“This study categorizes 6959 reference desk transactions to determine how many of the queries require the attention of a librarian. Results indicate that 89% could likely be answered by non-librarians. From the results of this and other studies, the author explores the cost-effectiveness of staffing a traditional reference desk with librarians.”

The article presents a study and discusses previous research which details how search and information discovery technology has radically changed the traditional role of the reference librarian. The authours then provide data which call into question the cost-effectiveness of staffing academic reference desks with librarians given the types of questions that now predominate:

“Results of the current question analysis study also confirm that many questions can be considered simple directional or machine-related. As seen in Table 3, the 2528 non-informational direction and machine transactions accounted for 36.3% of all of the transactions during the eight-month study period. Few would argue that these “restroom” and “paper jam” transactions require the attention of a librarian.”

One of the highlights of the research presented:

“Dividing the amount by the 6959 transactions shows that the library spent an average of $7.09 per transaction. While that does not seem particularly expensive to answer the 784 “research” questions ($5559), consider that during the same time frame the library spent $7.09 on each of the 2528 times that a printer cartridge was changed, or a paper jam fixed, or directions were given to a building across campus.”

These cost estimates are below what they would likely be in a Canadian academic library. This study used an average librarian salary of $23.77, which is quite a bit lower than the librarians where I work (heck, even I make more than that).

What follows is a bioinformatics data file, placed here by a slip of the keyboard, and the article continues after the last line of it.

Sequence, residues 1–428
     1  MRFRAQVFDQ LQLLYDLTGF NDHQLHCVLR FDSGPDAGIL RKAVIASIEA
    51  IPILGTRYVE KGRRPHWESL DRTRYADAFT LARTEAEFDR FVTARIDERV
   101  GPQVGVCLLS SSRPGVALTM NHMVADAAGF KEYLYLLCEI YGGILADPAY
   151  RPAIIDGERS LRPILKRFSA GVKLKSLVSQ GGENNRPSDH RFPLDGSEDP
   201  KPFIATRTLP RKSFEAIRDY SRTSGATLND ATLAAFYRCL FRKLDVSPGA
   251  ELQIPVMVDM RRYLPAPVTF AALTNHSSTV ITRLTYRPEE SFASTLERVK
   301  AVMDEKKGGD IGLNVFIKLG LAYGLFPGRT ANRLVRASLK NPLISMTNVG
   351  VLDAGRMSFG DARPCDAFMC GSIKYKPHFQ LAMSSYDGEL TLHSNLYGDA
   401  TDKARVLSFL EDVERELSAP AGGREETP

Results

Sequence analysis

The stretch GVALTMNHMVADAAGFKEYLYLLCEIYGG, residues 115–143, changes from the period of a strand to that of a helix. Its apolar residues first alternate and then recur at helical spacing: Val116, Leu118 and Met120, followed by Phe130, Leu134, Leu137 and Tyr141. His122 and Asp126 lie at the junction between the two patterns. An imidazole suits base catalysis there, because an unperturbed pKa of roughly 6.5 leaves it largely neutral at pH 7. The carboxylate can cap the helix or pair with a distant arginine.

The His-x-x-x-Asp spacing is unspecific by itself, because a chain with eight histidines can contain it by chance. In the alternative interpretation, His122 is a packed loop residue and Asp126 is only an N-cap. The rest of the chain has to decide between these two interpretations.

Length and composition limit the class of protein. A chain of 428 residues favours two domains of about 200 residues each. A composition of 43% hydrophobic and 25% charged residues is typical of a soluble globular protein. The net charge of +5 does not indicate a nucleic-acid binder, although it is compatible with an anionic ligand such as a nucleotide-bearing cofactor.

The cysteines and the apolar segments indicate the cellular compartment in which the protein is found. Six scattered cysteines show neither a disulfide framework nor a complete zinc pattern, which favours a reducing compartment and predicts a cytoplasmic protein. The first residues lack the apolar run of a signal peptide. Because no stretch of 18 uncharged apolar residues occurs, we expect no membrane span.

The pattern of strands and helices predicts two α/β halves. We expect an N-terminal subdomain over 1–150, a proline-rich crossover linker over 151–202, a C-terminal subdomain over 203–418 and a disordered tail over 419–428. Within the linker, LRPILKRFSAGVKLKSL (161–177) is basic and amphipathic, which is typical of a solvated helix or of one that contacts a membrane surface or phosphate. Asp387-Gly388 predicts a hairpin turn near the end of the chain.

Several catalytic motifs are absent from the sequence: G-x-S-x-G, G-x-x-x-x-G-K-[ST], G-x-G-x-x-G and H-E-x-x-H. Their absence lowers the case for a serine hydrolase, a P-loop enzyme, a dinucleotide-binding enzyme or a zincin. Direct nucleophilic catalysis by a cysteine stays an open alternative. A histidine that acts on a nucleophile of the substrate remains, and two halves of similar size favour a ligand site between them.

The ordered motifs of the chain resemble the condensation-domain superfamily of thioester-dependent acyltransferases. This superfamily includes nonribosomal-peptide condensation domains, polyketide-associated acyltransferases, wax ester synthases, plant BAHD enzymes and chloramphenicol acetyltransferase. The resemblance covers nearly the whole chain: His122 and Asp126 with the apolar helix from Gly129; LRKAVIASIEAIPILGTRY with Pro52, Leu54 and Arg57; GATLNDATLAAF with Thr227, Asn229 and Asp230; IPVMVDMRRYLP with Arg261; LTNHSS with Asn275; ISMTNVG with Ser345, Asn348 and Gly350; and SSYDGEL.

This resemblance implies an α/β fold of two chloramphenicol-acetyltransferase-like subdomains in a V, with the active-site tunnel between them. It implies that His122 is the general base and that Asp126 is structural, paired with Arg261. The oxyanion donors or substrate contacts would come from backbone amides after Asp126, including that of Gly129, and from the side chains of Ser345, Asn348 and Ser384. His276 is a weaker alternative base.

The financial difficulties spiraling through the US economy are expected to hit Canada hard fairly soon. When increased pressure on library budgets start to set in,  I think it is inevitable that the trend of library technicians working extended shifts at the public reference desk will become more and more common.

While groups like this one, express concern over the de-professionalization of library work, the authours of the article don’t dwell on what some may see as the negative aspects of the changing trends at the reference desk, they point out where the role of the librarian should be moving:

“This may bolster the argument that librarians can leave answering most questions to others and can now concentrate on working on tasks that better utilize their training and experience, as well as learning new skills that benefit the library, the users, and the institution.”

Uhhhh….isn’t this like illegal?

I came across the site Mygazines a few days ago.

From my experience working on copyright issues I can’t understand how it has not been flooded with takedown notices.

The site appears to consist of hundreds of popular magazines, scanned from cover-to-cover. I don’t think I’m going out on a limb when I say that this is being done without the permission of the actual publishers of the magazines.

Looking at the Contact Us section I see no information about an actual address, phone number, etc. I’m guessing the site’s servers may be located in some Baltic republic or other former Soviet satellite state which tend to take a “relaxed” standard to copyright law.

If no one tries to take the site down, libraries may be able to save a lot of money on periodical subscriptions. At least on the popular magazines, I haven’t been able to locate any of the dry, peer-reviewed journals we academic libraries are known for.

I must admit that the temptation to read the latest issue of Mojo (without paying for it) is hard to resist but the existence of sites like this make it harder for us copyright cops to tell faculty they need permission to upload a scan of a Ziggy cartoon to their Blackboard page.

Another library technician blog

While going through my WordPress stats I saw that someone had used the search term, “library technician lack of job toronto” to arrive at my blog.

I’m glad to see people are finding links to my library technician job postings mash-up, but I noticed that this search term also brought up a link to this blog posting.

Library Tech Confidential is a very attractive looking blog (he’s not a cheapskate using a free hosted WordPress blog like I do) written by a Canadian library technician. It’s always interesting to see what other Seneca library technician grads are up to, let alone another male technician.

The comments made by “Esther” and the response from the site’s authour in the comments section of this posting bring back some memories of my job search after graduation.

So check it out for another view of libraries from the “para-professional” point of view.

Follow

Get every new post delivered to your Inbox.